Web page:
Irrigation of sunflowers occurs under various types of technology, ranging from overhead systems to flood irrigation. The accurate timing and amount of water supplied to a sunflower crop can vary plant vegetative structures as well impact on final yield and oil contents. The number and timing of in crop irrigations has been the subject of initial research trials however commercially growers and advisors have been trialling their own “best bet” methods.
The combination of water and nutritional management to optimise crop production has significant potential advantages for crop production. The challenge moving forward is how to integrate the results from the ‘white peg’ research trials with growers broad acre requirements.
The sorghum stalk rot diseases: our No. 1 priority
Jo White1, Sara Blake1, Anthony Young1
1. University of Southern Queensland, Toowoomba, QLD, Australia
Charcoal rot (Macrophomina phaseolina) and Fusarium stalk rot (Fusarium spp.) are the most prevalent and aggressive of the sorghum stalk rot diseases, causing major yield losses through lodging and to a lesser extent seed weight reductions. Fusarium stalk rot is reported to be predominantly caused by the pathogens Fusarium thapsinum and F. andiyazi, however, molecular characterisation of sorghum stalk rot strains has revealed inconsistencies with the present taxonomic arrangement, and the likelihood that there may be as yet undescribed species associated with stalk rot in sorghum. F. thapsinum is thought to be the most dominant of the Fusarium species infecting sorghum stalks and while its host range is somewhat limited (compared with M. phaseolina), the saprophytic nature of the pathogen may ensure their survival in stubble from season to season. Preliminary studies investigating alternative crop and weed hosts (both live and dead) of F. thapsinum have shown that possible infection of other crops such as mungbean, maize, chickpea and wheat may occur through artificially inoculated conditions. M. phaseolina, arguably the most destructive of the stalk rotting pathogens, has such an extensive host range that while rotations may play a role in managing inoculum loads, greater advantage may be obtained from research into host resistance. Preliminary field studies of 15 sorghum lines artificially inoculated with M. phaseolina have demonstrated that significant differences in infection levels exist. Future research aims to contribute to the gaps in our knowledge of the biology of these pathogens, host and pathogen genetics and their complex interactions, which is critical for any management strategy.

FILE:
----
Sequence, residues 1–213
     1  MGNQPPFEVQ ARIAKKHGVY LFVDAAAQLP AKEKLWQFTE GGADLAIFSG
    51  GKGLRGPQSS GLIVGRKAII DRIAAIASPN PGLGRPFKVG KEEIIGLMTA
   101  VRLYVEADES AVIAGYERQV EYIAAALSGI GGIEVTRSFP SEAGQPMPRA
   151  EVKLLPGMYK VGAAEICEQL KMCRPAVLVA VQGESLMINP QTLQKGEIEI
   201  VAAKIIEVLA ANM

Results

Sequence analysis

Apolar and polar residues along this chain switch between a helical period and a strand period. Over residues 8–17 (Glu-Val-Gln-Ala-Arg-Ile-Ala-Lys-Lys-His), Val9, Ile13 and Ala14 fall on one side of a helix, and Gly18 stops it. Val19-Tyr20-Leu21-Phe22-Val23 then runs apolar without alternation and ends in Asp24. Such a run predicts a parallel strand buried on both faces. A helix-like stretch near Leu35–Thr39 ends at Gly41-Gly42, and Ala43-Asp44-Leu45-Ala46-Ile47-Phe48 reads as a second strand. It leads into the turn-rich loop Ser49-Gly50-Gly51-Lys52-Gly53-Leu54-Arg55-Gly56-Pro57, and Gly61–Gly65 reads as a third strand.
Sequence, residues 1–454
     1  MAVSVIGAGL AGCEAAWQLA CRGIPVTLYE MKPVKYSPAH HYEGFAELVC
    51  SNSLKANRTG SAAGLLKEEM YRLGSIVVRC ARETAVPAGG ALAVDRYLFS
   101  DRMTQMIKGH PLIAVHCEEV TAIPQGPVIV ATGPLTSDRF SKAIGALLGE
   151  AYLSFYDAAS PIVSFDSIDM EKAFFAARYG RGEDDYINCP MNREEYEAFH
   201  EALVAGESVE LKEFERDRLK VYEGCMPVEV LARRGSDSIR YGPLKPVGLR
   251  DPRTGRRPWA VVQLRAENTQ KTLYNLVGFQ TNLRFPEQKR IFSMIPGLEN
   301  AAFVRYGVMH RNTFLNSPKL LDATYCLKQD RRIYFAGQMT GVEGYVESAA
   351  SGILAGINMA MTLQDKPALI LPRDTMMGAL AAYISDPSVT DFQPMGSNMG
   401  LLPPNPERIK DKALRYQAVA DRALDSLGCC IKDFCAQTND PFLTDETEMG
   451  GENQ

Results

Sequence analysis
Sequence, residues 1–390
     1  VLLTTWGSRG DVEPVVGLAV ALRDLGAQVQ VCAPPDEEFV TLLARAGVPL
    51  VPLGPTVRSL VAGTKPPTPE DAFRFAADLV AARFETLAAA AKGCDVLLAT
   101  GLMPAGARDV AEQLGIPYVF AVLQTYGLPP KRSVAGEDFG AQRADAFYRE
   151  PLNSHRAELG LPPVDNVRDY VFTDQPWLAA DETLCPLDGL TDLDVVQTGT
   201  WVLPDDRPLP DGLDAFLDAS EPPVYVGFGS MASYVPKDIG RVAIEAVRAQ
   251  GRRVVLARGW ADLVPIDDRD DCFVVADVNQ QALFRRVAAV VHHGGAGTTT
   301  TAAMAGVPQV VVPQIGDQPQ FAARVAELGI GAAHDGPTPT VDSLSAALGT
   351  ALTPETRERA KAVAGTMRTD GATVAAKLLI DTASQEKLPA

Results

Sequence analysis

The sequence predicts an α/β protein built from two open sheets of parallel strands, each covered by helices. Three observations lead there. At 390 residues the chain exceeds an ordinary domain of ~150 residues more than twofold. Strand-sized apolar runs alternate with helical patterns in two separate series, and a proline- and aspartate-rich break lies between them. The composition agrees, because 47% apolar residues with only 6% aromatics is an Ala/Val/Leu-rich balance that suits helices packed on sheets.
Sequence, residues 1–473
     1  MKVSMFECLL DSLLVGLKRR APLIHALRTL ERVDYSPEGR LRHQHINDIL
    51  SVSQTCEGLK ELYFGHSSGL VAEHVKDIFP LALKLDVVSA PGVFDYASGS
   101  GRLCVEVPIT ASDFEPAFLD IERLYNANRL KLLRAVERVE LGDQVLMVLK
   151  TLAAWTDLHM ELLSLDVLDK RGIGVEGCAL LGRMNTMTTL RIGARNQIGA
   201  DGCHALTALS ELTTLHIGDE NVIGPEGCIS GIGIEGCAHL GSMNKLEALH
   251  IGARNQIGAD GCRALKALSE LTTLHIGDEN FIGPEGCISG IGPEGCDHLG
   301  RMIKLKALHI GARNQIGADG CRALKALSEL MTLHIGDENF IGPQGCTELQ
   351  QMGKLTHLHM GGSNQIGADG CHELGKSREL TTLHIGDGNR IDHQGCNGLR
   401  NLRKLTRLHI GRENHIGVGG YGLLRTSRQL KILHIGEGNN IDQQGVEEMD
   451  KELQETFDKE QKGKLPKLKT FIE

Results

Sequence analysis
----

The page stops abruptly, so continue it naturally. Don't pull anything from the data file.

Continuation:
Sorghum pre-breeding: traits development, deployment and impact
David Jordan1, Alan Cruickshank2
1. The University of Queensland, Warwick, QLD, Australia
2. DAFF QLD, Warwick, QLD, Australia